Tuesday, March 23, 2010

King of the Hill (part 1)

The other day I stumbled across a great graphic novel, Locke and Key by Joe Hill. I am one of those odd people who does read the dedications authors write in books. This one states “For Tabitha Jane King: literary locksmith, mother, friend. Love you.”

I thought “this is weird” so I googled Joe Hill. It was only then that I realized that Joe Hill’s real name is Joseph Hillstrom King. He is the son of Stephen King, Tabitha King and brother of Owen King, who is married to Kelly Braffett – a family of writers.

Hill chose to use an abbreviated form of his given name so that he could be judged on his own merits as a writer. It has worked since his novels have been listed on the New York Times best seller list, Heart Shaped Box reached #8 and his latest Horns reached #10 this week and is climbing up the chart. To keep the members of the family separate I will use their initials in this blog.

What can be said of Stephen King , the patriot of the family. One quote I love of his is: “People want to know why I do this, why I write such gross stuff. I like to tell them I have the heart of a small boy......and I keep it in a jar on my desk.”

SK was the potato chip writer of my teen years, once you read one page you grabbed for the next page and then onto the next book. SK is such a talented writer that he has written everything from short stories, screen plays and multi-volume sets such as The Dark Tower series. Hey, he even wrote a book about how to write, called On Writing! At the beginning of his career, publishers would only publish one book per year. They felt the public would not accept more and thus they would make less money. Therefore, SK was forced to release novels under the pseudonym of Richard Bachman. I guess James Patterson’s publishers never heard of this theory as they release 4 or more novels per year by this writer.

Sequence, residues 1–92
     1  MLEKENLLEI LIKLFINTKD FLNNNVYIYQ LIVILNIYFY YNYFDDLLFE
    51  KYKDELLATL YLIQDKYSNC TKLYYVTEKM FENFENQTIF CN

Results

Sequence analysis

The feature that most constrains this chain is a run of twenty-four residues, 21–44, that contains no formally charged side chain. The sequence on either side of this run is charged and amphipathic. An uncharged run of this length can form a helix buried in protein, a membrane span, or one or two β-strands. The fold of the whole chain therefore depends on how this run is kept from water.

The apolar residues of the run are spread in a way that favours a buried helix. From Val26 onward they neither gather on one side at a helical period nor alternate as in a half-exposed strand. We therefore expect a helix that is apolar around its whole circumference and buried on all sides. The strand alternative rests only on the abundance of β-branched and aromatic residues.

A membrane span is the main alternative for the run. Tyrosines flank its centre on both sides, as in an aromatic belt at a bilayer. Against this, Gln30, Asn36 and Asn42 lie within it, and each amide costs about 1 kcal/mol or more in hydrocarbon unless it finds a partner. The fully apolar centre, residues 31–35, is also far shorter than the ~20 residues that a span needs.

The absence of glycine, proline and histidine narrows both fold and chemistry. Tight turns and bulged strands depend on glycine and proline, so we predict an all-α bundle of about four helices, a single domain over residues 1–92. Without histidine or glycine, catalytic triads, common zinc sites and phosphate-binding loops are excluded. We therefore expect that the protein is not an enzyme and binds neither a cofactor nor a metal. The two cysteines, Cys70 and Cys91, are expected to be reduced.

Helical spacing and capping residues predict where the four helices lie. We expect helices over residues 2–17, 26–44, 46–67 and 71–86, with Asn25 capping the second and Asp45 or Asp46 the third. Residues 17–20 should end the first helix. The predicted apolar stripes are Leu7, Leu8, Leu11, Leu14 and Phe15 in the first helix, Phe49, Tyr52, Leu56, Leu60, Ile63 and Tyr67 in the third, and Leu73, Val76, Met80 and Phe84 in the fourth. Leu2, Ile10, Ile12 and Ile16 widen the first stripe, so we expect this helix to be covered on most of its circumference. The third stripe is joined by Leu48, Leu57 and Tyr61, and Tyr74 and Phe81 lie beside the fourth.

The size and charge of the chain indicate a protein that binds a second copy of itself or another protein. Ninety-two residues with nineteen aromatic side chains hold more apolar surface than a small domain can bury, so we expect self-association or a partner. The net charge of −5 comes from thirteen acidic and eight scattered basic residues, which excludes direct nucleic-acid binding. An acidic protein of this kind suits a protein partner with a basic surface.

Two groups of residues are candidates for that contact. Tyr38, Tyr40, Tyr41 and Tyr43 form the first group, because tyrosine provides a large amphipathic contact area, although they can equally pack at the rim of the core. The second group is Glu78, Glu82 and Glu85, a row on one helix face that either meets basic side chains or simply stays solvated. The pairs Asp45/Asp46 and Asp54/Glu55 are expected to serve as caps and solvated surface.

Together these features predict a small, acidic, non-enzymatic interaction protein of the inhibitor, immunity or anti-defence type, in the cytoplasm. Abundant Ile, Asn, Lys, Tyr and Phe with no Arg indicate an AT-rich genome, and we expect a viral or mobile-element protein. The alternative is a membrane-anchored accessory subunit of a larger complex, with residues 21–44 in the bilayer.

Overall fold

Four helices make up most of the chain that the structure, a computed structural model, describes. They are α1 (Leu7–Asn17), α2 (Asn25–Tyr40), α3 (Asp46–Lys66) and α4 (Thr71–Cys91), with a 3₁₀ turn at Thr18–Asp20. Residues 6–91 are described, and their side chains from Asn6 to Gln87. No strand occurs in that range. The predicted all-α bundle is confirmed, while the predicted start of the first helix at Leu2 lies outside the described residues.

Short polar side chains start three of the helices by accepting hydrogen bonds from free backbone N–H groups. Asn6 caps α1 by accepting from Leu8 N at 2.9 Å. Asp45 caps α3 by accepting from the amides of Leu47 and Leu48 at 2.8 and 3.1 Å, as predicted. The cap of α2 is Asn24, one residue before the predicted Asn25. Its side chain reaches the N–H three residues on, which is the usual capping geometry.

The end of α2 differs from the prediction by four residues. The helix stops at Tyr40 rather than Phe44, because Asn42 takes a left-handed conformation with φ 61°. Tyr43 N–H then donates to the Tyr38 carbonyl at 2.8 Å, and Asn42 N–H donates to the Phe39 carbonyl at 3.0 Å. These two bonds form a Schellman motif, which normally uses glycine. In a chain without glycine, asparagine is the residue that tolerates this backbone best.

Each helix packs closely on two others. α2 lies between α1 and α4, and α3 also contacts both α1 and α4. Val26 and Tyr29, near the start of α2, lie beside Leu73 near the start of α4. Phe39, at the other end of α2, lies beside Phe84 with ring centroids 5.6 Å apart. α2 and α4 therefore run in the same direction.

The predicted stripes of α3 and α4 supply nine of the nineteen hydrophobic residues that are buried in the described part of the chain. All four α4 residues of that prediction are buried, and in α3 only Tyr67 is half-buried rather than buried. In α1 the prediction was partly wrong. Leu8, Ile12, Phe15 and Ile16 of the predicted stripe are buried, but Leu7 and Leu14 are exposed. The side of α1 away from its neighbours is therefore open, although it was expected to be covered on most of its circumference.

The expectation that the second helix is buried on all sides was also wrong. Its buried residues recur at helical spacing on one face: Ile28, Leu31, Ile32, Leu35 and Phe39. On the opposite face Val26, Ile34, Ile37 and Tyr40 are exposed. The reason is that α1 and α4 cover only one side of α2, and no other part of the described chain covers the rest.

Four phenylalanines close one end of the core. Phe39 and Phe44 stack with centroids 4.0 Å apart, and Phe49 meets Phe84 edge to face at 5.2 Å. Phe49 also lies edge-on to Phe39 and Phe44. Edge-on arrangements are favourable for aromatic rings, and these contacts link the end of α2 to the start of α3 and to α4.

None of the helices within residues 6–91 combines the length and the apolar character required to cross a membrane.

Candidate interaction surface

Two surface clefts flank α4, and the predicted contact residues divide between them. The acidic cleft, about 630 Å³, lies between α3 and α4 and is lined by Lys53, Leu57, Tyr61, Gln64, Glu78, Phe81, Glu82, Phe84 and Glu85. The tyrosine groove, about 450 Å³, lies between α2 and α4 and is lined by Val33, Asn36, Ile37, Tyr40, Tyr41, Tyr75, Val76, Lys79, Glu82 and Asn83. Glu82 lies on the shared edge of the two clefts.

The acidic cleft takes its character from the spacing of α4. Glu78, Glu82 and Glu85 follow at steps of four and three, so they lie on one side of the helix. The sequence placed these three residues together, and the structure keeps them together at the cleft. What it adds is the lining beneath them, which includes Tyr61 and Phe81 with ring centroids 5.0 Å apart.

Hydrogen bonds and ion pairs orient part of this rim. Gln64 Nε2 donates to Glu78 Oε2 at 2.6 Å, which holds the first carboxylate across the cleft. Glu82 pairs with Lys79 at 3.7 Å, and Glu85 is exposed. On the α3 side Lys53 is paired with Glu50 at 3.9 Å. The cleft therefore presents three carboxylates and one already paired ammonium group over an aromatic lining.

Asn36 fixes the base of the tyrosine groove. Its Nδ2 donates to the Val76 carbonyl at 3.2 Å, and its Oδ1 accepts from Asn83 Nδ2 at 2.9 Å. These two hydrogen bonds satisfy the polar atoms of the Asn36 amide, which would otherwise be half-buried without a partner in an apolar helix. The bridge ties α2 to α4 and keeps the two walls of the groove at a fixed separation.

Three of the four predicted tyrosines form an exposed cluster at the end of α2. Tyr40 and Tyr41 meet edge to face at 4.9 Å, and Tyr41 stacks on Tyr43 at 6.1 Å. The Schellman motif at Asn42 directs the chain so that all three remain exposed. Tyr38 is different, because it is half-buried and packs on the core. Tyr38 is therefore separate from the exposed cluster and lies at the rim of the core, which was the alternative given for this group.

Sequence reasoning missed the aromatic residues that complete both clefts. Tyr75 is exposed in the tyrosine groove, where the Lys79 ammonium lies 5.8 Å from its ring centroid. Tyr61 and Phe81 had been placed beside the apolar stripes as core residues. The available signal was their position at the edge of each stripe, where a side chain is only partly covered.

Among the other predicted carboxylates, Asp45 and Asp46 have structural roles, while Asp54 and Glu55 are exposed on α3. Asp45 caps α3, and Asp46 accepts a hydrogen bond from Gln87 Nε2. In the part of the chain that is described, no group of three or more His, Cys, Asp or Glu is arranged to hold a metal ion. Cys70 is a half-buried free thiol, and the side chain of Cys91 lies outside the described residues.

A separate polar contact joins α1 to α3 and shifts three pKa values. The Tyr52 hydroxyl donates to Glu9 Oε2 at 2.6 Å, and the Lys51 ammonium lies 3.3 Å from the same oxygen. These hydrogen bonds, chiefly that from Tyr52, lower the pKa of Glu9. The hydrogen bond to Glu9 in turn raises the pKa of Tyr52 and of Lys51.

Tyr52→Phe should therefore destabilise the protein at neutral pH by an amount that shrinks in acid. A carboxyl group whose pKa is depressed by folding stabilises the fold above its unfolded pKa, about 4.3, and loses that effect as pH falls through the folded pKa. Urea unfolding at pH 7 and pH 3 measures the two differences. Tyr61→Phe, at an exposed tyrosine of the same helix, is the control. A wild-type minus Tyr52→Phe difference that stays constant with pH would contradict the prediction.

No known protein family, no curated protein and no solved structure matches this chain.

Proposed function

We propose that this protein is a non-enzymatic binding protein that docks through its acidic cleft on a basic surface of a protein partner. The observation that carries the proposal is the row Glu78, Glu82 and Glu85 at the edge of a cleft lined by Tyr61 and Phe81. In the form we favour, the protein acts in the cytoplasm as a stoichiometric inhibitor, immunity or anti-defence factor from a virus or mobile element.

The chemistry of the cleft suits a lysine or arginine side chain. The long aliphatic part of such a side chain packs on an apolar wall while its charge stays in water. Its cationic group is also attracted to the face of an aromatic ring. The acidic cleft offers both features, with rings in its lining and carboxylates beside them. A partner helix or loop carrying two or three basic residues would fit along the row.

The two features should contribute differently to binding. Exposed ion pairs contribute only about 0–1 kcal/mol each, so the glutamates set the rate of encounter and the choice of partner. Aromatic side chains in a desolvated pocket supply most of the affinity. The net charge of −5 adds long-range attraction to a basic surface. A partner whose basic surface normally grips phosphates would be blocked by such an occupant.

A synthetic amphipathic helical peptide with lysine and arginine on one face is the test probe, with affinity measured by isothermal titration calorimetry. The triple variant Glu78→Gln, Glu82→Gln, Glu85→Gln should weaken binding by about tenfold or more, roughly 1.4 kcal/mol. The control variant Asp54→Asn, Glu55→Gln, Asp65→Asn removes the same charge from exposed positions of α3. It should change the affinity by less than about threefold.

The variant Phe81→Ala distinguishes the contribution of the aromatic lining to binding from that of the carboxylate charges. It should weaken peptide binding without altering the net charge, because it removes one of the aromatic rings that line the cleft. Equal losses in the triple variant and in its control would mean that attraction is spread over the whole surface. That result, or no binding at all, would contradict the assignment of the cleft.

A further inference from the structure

My favorite SK novel is The Stand; the classic tale of good vs evil, simplicity/back to the land vs technology/Las Vegas glam, East vs West. This is a novel with multiple characters, yet it is easy to keep track of who is who. The time period could be now since we have been talking about H1N1 pandemic. The “Captain Trips flu” in this novel was originally developed as biological warfare. When there is a breech in security it quickly spreads across the US. The survivors are mysteriously called either by”Mother Abigail” the side of good or "Randall Flagg” the side of evil. Even though this book is of epic length, you can wiz right through it (I read all 1000 pages of it in a weekend when it first came out.)

SK’s latest book is Under the Dome. SK is the only author that could probably publish a book that has no blurb on the book flap or back cover. My first reaction to this book was, didn’t The Simpson’s do an episode like this?, but apparently SK had the idea for this novel back in 1970. Like the novel Lord of the Flies, SK examines what happens to people when they are isolated from civilized society. Like Darwin explains it becomes a survival of the fittest. Like a lot of SK’s novels, this one takes place in Maine when an invisible force field suddenly covers the town of Chester’s Mills and the people are trapped. The question becomes who is your worst enemy? ....or is it the dome? Like all SK’s work, this novel is definitely a page turner.

To be continued...

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